Unilateral visual loss after cervical spine surgery

J Neurosurg Anesthesiol. 2003 Oct;15(4):319-22. doi: 10.1097/00008506-200310000-00005.


This is a case report of a patient who underwent an uneventful surgery for atlanto-axial dislocation in the prone position, after which he developed painless, unilateral loss of vision in the immediate postoperative period. Based on the ophthalmologic findings a probable diagnosis of ischemic optic neuropathy (ION) was made. Although he recovered his visual acuity completely in 1 month, the visual field defects and color vision abnormalities persisted. Intraoperative anemia, hypotension, with or without vasculopathic risk factors, and prolonged surgery in the prone position have been reported as major risk factors for the development of this complication following spine surgery. However, this healthy young man had an uneventful surgery with no such intraoperative complications. ION in this patient could have been due to a combination of factors, such as a malpositioned horseshoe headrest and surgery performed in the prone position, both of which have the potential to raise the intraocular pressure and lower the perfusion pressure of the optic nerve/nerve head. Variations in the blood supply of the optic nerve due to the presence of watershed zones could be another explanation for this dreaded complication.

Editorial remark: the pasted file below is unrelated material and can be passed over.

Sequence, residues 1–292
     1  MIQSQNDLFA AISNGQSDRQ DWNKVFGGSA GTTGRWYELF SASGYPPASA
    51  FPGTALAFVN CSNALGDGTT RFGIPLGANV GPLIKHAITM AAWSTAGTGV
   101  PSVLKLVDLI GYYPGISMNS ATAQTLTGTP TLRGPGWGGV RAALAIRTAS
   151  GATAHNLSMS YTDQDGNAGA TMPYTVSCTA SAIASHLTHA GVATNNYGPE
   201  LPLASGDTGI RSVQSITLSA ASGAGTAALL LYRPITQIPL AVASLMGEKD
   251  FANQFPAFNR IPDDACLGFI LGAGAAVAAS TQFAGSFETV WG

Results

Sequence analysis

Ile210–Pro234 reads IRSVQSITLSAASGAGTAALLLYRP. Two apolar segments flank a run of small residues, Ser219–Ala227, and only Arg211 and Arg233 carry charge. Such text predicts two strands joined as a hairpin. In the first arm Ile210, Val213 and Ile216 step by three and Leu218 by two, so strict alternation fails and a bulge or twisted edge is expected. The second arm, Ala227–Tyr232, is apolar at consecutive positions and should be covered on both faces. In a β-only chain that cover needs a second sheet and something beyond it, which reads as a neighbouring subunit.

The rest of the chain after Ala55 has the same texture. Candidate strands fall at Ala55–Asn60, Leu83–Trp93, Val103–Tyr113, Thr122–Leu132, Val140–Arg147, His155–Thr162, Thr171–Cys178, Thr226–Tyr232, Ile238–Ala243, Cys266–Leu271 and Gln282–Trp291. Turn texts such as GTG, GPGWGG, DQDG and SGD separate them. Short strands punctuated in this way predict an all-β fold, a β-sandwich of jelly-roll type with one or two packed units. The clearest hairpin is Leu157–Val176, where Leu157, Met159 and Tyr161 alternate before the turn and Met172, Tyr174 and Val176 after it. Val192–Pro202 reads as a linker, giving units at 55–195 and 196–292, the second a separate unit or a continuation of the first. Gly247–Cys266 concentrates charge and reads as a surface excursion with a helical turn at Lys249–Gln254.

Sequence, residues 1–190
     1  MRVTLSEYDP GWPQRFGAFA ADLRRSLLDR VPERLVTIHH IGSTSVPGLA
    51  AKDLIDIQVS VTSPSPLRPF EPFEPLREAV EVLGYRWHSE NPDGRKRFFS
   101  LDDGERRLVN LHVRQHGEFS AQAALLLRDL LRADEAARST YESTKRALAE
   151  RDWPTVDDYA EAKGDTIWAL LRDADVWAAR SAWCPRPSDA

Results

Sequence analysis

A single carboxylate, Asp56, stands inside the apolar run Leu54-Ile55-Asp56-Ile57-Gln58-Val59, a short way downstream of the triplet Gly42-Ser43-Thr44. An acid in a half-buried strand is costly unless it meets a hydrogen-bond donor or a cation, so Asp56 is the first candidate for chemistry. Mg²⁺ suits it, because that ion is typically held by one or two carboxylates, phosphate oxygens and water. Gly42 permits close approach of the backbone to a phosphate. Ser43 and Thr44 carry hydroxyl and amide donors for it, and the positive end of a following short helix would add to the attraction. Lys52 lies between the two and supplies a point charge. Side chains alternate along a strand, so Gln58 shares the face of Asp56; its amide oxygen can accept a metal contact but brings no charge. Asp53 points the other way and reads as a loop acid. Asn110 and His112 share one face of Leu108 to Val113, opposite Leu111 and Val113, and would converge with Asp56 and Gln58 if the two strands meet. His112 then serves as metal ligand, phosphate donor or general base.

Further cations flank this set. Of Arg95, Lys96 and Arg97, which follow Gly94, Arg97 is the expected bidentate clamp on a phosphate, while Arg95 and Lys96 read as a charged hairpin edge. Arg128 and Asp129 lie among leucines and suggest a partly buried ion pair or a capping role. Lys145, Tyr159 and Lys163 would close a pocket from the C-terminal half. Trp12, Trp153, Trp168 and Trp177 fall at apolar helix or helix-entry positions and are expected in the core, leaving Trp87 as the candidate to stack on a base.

Publication types

  • Case Reports

MeSH terms

  • Adult
  • Cervical Vertebrae / surgery*
  • Color Perception / physiology
  • Humans
  • Intraocular Pressure / physiology
  • Male
  • Optic Nerve / blood supply
  • Optic Neuropathy, Ischemic / diagnosis
  • Optic Neuropathy, Ischemic / etiology*
  • Postoperative Complications / diagnosis
  • Postoperative Complications / etiology*
  • Prone Position / physiology
  • Recovery of Function
  • Surgical Procedures, Operative / adverse effects*
  • Vision Disorders / diagnosis
  • Vision Disorders / etiology*
  • Vision Disorders / pathology*
  • Visual Acuity / physiology
  • Visual Fields / physiology